5I have been thinking a lot about Jay's birth lately. Honestly, it's not a story that I share too openly. There are a handful of people who lived it with me and they are pretty much the only ones who know everything that happened and all that I was feeling back then. For some reason, now feels like the time to finally let everything out. I'm sure a lot of it has to do with the upcoming birth of Bean and the fact that I am now more pregnant than I've ever been in my life.
When I was 27 weeks and some days pregnant, I had what would ultimately be my last appointment with my high risk specialist. She sent me to the big hospital and told me that I would be there for the duration of my pregnancy. Turns out, that was only four days.
At 28 weeks and 1 day pregnant, Jay started doing very poorly. I have a penchant for auto immune diseases and my body was basically attaching him. I was heavily into my period of Graves Disease at that point. So heavily, in fact, that I was taking 12 anti-thyroid pills a day and still producing too much thyroid hormone.
Every time I moved, Jay's heart would decelerate because his umbilical cord was so poorly formed. I laid on my left side for days. I watched a lot of Cat-Dog. And the Golden Girls. I was miserable and my body was basically killing him, which made me even more miserable. It's a horrible feeling to know that your own body is attacking your unborn child.
So, around 9:30 on New Year's Eve, I went in for an emergency c-section. I was put to sleep and woke up just before midnight to find out that I had a son. A son that the doctors said wouldn't live through the night. A son who weighed 1 pound and 14 ounces and wasn't breathing when he was born. At the time, I remember wishing I could have been awake for my c-section. But now I think it was probably best that I wasn't.
After midnight, a team of NICU doctors and nurses brought Jay in to be named and meet his mommy. I wasn't allowed to hold him, but I was able to touch him. He couldn't handle much touching because his little body was just too sensitive. I do remember holding my thumb up to his feet. His entire foot was the same size as the bendy end of my thumb. There are still times today that I look at my thumb and mark off that area with my forefinger. Just so I can remember how very far we've come.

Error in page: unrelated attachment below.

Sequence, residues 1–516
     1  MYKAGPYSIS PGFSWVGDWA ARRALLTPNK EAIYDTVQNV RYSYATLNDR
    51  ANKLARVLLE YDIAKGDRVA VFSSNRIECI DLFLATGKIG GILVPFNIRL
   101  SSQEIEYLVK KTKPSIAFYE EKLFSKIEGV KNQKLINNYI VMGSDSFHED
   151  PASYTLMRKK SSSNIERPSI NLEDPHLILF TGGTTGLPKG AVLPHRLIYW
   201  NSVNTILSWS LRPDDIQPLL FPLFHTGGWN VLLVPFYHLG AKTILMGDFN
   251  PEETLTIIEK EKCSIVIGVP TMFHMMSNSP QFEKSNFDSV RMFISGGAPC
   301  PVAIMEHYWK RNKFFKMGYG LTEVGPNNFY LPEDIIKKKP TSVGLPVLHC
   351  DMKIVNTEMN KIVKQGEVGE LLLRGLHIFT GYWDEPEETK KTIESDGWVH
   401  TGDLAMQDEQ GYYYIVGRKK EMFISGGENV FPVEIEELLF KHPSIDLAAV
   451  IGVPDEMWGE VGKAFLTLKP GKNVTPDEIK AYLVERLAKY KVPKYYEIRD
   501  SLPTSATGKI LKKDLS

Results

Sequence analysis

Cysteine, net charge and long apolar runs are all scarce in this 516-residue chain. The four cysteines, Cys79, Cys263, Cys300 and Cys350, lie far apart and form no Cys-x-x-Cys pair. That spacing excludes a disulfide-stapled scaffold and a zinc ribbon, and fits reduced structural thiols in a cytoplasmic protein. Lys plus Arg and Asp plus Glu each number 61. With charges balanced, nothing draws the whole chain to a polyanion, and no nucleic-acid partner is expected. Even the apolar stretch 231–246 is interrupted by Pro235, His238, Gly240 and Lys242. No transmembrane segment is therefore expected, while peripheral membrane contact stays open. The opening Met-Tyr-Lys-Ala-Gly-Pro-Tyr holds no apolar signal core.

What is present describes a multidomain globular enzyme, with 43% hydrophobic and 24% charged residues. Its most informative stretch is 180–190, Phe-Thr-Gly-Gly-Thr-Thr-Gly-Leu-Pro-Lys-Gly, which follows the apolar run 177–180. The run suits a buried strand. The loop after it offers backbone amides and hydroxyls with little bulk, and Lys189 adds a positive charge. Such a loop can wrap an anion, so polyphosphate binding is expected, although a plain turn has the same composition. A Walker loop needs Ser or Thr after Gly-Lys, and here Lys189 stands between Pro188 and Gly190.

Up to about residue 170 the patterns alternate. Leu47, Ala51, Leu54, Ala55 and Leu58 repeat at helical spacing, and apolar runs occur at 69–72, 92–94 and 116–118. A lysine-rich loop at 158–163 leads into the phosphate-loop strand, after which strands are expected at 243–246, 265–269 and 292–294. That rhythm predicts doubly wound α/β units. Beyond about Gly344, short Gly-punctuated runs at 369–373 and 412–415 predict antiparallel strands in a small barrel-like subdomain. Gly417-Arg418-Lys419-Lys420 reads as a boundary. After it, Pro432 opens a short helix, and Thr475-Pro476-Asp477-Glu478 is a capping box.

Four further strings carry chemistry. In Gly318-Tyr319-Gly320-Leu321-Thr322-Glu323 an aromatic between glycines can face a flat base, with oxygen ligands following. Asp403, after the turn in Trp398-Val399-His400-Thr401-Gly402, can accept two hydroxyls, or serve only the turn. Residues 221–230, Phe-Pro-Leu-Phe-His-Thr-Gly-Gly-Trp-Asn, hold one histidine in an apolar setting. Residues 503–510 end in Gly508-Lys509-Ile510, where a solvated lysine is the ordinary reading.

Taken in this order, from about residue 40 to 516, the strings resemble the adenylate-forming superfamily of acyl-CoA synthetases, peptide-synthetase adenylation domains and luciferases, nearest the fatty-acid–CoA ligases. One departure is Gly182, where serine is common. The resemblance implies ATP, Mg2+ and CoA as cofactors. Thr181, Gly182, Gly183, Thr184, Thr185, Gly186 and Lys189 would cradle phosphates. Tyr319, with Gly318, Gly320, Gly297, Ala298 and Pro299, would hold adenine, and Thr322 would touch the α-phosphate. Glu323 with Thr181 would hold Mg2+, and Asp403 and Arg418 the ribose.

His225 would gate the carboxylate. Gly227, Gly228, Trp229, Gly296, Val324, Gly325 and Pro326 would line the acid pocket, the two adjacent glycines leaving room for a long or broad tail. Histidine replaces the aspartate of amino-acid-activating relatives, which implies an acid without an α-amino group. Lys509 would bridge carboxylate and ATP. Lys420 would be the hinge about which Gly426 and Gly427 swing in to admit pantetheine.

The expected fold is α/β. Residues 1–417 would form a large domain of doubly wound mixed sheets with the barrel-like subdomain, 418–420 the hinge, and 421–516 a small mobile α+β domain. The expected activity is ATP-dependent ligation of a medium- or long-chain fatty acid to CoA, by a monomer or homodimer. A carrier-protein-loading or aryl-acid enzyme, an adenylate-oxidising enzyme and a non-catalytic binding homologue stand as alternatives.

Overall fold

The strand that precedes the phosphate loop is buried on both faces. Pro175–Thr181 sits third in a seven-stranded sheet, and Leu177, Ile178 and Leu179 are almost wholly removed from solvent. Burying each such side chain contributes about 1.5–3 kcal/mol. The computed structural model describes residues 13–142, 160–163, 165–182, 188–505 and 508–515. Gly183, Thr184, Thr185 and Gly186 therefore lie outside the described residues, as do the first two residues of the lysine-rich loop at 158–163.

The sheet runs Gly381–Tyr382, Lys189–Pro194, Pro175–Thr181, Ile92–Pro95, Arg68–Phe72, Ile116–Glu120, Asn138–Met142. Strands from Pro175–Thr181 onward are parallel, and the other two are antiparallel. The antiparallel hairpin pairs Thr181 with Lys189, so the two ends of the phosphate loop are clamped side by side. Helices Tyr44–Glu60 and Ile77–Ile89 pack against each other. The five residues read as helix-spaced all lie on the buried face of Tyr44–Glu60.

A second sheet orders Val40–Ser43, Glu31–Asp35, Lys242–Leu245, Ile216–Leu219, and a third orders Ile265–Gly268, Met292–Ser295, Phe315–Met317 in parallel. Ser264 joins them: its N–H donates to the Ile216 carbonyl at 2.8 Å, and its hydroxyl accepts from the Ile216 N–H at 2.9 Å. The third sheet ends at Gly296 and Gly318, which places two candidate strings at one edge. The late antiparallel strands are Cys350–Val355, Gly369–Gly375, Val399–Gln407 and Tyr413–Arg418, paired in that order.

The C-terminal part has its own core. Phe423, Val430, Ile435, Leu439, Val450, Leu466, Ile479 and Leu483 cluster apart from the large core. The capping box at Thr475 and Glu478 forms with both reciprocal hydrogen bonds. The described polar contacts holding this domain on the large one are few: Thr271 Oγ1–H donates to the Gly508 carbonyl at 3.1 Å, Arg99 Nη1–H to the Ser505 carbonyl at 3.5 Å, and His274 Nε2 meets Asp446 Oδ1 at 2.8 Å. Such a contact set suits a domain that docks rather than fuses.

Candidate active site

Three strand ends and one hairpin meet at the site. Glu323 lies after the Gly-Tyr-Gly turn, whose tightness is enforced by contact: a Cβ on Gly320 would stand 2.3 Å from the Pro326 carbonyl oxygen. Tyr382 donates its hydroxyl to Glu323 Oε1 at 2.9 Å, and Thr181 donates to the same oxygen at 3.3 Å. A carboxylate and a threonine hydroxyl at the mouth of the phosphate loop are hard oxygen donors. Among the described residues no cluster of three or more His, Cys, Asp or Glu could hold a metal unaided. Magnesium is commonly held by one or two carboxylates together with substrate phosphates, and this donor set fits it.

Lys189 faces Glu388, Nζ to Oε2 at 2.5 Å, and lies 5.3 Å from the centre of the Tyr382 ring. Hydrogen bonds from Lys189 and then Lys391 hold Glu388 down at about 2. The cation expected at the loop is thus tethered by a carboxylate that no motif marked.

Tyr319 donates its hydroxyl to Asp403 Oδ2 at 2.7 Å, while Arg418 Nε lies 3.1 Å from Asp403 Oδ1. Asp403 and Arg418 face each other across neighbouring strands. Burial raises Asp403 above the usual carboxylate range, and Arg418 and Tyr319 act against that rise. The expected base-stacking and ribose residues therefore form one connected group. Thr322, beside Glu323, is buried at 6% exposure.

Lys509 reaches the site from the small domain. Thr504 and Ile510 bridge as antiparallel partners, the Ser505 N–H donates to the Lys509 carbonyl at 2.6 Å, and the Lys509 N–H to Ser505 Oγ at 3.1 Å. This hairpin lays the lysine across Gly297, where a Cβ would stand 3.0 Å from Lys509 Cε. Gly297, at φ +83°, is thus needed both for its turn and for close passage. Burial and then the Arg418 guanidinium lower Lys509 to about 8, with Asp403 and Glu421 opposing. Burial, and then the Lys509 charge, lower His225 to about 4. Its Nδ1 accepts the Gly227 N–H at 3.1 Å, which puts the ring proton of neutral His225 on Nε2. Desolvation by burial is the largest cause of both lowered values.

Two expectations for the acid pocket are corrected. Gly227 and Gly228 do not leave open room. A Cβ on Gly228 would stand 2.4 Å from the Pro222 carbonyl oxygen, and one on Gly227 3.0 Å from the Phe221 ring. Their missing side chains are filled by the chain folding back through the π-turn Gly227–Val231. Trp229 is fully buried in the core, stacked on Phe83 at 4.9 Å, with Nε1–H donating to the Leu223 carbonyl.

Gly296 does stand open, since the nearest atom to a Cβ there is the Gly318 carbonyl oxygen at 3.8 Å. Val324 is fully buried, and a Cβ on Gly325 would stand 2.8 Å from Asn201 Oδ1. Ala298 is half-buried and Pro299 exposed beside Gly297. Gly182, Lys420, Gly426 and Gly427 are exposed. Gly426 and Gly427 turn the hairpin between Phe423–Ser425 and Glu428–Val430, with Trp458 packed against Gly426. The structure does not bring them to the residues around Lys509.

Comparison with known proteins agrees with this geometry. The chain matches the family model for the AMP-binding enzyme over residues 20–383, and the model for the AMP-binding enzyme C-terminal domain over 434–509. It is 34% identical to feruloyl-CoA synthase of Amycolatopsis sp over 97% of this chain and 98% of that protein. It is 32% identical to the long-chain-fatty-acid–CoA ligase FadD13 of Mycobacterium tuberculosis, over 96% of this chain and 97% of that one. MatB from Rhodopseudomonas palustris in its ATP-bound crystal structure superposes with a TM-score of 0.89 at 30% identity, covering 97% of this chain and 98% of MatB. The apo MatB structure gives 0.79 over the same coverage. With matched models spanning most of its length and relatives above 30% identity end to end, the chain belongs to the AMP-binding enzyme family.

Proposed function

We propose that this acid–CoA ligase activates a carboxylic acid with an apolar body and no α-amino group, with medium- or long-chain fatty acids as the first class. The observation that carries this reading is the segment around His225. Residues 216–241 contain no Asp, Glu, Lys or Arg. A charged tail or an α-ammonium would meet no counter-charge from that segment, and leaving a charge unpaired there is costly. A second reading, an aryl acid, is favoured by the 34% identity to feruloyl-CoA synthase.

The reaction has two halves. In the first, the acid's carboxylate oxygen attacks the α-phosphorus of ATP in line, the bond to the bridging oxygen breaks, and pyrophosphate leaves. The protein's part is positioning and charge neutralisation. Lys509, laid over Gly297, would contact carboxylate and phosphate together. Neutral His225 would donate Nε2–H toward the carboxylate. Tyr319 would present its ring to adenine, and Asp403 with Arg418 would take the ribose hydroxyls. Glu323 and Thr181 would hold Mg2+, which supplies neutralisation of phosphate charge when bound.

I never got to hold Jay until he was 2 weeks old. He was just too fragile and I was only allowed to hold him long enough for the nurses to bring in a new incubator. That's the way it was for awhile. Holding him every two weeks until he was strong enough to come out more often. It's heartbreaking. I still wish I could have held him after he was born. That's a moment that he and I will never have.
For the next 11 months, Jay and I went to hell and back in that hospital. He finally came home on December 2nd. We had scary moments. There were times when it didn't look like he would make it. It was the most horrible and wonderful year of my life, if that makes sense. A lot of people don't understand it, but when you sit in a hospital every day for 11 months fighting for your kid to survive you develop a different kind of mother/child bond.
Jay and I have never spent more than 24 hours apart. I fought like hell to keep that kid and there is no way I'm going to be away from him. If something ever happened to him, I would lay down next to him and die. I have never loved anyone the way I love Jay. He is a part of me. He is the most precious part of me.